Back to overview

DECEMBER 2022: When do you make better decisions: in winter or in summer?

Publication date: 20 December 2022

Are winter decisions worse than summer decisions? In conversations with our clients, we hear time and time again that decision-makers feel it is much easier to reach important decisions in the warmer months of the year than in tWhen do you make better decisions: in winter or in summer? This is a highly interesting thesis, which we have investigated:

It depends…

There is no scientific evidence that decisions are fundamentally worse in winter than in summer. It depends on many individual factors, such as personal mood, stress level or physical condition.

In medicine, we observe how the body and especially its messenger substances adjust to the different seasons: Researchers in the so-called Babydiet study searched gene databases of about 16,000 donors for this purpose to understand whether the activity of certain genes follows seasonal patterns in addition to circadian rhythms. They found that more than 4,000 of the genes studied operate seasonally.

So seasonal genetically caused qualitative differences in decisions after all? No, this cannot be scientifically proven. This is because genes of the immune system and lipid metabolism are mainly affected. This seasonal regulation may lead to people producing greater amounts of inflammatory proteins on average in winter, which may serve to increase immune potential and enable a faster response to colds.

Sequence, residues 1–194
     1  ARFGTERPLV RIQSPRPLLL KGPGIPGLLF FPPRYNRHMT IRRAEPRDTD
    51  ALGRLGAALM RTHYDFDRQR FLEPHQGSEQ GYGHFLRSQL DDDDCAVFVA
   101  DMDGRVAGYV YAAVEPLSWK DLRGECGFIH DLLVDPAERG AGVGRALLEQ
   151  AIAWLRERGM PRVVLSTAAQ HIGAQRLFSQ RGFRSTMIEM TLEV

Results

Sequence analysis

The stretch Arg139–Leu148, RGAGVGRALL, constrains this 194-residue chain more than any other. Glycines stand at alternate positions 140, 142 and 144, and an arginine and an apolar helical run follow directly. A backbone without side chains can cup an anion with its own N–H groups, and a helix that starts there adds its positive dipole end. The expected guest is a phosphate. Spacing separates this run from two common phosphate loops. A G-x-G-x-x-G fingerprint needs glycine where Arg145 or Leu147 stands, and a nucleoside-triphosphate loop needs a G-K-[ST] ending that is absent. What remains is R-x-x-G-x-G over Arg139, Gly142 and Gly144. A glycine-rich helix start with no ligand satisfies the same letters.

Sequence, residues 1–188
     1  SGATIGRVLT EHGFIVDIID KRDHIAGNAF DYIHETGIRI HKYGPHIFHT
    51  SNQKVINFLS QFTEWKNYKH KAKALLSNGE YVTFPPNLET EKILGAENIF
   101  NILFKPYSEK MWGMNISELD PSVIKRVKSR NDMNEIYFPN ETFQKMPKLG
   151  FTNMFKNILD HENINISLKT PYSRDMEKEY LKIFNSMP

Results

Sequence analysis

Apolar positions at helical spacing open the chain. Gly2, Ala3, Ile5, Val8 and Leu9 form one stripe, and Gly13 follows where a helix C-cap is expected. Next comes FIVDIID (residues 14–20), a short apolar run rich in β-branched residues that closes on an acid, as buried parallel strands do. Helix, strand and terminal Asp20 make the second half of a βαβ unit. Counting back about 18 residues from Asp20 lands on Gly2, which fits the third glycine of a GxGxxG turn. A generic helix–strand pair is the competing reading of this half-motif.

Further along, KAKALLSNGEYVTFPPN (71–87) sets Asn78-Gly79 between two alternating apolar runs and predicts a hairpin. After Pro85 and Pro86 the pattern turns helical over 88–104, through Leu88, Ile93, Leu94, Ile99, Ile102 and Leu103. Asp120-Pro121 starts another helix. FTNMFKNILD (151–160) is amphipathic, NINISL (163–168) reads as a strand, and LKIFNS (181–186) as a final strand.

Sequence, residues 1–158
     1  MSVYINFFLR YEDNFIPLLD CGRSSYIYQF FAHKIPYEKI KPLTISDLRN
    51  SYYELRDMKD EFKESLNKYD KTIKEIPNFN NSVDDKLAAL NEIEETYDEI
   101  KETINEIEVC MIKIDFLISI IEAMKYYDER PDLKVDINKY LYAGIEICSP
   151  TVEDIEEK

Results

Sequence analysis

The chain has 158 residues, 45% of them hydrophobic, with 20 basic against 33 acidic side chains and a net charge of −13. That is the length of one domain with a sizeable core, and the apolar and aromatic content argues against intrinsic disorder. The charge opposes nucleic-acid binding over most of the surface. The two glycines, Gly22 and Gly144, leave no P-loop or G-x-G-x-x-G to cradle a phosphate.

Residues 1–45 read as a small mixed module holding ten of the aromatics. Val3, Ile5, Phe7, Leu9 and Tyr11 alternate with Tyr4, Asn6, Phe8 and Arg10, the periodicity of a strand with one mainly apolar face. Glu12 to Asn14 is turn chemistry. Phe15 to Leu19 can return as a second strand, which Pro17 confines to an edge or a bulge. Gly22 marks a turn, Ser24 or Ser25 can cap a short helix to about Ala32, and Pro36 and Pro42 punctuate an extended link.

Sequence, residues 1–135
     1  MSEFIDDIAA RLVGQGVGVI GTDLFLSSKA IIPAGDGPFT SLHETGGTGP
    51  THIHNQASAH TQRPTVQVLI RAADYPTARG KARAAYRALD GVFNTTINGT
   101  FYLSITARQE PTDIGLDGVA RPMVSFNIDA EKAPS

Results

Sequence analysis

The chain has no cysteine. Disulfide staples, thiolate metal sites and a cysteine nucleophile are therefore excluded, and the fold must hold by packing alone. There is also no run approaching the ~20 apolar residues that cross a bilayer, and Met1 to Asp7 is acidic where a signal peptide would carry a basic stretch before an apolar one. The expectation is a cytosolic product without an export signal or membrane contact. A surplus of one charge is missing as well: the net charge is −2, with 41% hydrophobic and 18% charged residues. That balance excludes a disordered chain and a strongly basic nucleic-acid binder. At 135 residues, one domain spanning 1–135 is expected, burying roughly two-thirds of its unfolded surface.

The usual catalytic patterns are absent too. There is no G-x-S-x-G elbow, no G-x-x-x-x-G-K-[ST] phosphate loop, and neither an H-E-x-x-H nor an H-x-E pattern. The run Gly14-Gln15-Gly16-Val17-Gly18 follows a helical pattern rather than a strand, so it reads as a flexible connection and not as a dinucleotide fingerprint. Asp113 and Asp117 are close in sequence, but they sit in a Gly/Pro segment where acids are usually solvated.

The researchers conclude from their findings that the average European’s body responds proactively to the increased risk of colds during the cold season, rather than simply reacting to infections when they occur. This mechanism could potentially be used to develop better vaccination campaigns, as the seasonal regulation of the immune system could mean that vaccinations might have a better effect in winter. However, it is important to note that this study only provides an average for Europeans and that there may be individual differences. (Source:

Thus, medicine does not provide evidence. Let’s look at external influences and mood: of course, the weather can have an impact on our mood and behavior. In the winter months, it is often darker and colder, which can lead to a depressed mood and fatigue in some people. This, in turn, can have an impact on our ability to make decisions. On the other hand, summer heat can also affect us by making us tired and lethargic, or possibly even making us more aggressive.

Ultimately, the quality of our decisions depends on many factors that can vary from individual to individual and are not solely dependent on the weather.

If you liked this article, you should share it with others. You can follow HICO Group on social media here to get the latest updates.


We'd love to answer them

+49 (0) 7731-9398050
Download trigger